How to debug a charm

See also: Tools for debugging

This section will show how to debug a charm if it isn’t working as intended.


View Juju and charm logs at once

See also: Juju OLM | juju debug-log, Juju OLM | juju model-config, Juju OLM | juju model-defaults

To view all of the Juju messages from Juju and charm logs at the same time, run juju debug-log. The logs can show you the detailed inner workings of Juju as well as any juju-log messages that are run from the charm code.

In the case of charm logs, the Operator Framework Ops sets up a Python logging.Handler which forwards all of your logging messages to juju-log, so you’ll see those also.

By default logging is set to the INFO level for newly-created models so, if you have debug messages logging in your code, you’ll need to run this to see them:

juju model-config logging-config="<root>=INFO;unit=DEBUG"

Alternatively, you can do this for every model created by a controller, or on a per-controller basis using the model-defaults command:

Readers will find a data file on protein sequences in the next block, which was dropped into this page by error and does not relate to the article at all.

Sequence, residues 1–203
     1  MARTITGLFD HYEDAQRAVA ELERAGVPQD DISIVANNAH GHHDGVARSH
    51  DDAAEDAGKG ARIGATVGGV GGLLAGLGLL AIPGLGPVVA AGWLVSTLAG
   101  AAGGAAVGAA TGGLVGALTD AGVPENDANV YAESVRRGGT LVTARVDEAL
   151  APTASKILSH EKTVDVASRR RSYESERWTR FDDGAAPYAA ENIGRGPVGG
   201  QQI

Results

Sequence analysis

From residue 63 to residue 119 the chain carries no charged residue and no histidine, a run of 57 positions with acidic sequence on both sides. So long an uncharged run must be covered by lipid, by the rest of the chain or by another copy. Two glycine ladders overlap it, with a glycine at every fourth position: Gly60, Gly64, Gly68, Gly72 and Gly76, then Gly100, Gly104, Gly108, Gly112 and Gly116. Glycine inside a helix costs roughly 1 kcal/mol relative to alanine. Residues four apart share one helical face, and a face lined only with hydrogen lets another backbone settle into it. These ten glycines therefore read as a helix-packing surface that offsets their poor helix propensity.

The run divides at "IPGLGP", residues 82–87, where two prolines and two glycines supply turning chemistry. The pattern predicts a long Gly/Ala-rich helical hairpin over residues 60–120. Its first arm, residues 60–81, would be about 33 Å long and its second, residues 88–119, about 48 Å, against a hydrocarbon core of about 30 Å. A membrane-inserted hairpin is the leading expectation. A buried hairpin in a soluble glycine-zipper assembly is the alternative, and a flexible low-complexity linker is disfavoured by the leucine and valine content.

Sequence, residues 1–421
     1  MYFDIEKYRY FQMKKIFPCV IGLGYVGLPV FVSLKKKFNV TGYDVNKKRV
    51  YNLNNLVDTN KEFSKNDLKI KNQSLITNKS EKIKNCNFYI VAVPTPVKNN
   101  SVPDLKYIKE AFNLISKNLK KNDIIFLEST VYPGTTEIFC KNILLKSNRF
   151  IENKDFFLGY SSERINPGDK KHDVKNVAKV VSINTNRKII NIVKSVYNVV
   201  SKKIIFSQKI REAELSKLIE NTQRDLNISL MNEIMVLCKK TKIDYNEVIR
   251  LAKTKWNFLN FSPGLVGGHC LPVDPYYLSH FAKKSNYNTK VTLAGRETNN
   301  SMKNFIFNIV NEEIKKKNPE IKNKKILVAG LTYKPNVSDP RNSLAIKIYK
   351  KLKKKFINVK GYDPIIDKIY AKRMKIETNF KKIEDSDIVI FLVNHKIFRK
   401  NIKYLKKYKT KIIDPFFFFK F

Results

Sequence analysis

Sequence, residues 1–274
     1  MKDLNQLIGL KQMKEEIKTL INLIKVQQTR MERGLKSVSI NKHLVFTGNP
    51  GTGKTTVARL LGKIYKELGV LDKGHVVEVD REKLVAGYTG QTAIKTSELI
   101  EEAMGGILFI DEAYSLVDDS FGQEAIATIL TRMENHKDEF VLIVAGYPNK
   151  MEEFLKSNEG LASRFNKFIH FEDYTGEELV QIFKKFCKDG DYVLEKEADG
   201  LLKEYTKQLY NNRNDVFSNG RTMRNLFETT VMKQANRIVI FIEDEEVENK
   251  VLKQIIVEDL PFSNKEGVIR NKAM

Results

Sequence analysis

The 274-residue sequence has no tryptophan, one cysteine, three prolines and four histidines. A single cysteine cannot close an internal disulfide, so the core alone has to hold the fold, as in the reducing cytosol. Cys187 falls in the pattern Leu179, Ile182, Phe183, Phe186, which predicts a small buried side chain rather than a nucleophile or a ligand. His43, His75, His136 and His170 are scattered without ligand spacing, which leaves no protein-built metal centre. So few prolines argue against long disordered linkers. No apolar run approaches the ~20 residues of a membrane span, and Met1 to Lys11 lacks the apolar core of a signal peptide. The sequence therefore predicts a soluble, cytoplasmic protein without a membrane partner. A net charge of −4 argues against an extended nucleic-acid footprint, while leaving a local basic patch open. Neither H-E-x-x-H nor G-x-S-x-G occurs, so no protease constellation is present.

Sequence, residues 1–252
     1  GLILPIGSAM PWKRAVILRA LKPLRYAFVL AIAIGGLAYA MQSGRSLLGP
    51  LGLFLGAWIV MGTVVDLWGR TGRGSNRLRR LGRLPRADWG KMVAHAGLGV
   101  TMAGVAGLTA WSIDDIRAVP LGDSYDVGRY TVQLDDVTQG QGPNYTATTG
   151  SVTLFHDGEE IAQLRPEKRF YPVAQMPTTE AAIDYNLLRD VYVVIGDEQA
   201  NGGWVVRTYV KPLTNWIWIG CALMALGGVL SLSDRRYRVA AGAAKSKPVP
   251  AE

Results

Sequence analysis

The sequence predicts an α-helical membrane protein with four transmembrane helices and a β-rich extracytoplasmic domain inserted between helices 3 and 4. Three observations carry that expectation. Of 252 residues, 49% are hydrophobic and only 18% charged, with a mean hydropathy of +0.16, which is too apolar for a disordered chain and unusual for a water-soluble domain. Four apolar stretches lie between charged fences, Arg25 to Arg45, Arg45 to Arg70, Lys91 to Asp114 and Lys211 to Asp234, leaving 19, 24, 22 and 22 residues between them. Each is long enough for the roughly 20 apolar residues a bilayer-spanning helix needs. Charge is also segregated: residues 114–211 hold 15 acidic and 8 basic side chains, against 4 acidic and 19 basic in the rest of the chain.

juju model-defaults <controller name> logging-config='<root>=INFO; unit=DEBUG'

See the Juju logs documentation for details about what you can do with logs: replay them, filter them, send to a remote target, check audit logs, and more.

View integration data

Before juju v.3.0 , ‘integrations’ were called ‘relations’. Remnants of this persist in the names, options, and output of certain commands, and in integration event names.

When an integration between charms is established, Juju offers several ways to view the state of the integration. If many integrations have been established, you may want to be very explicit about the integration and data you are querying. In other cases, you may want to simply see all the integration data a given unit has access to.

If you want to be specific, you can get a list of which integrations are established on a specified interface, then query a specific integration to find the application on the other side, and finally get the data for that integration.

$ juju run --unit your-charm/0 "relation-ids foo"
$  juju run --unit your-charm/0 "relation-list -r bar:foo"
$ juju run --unit nova-compute/0 "relation-get -r foo:30 - other-charm/0"
password: passw0rd
private-address: 2.3.45.
somekey: somedata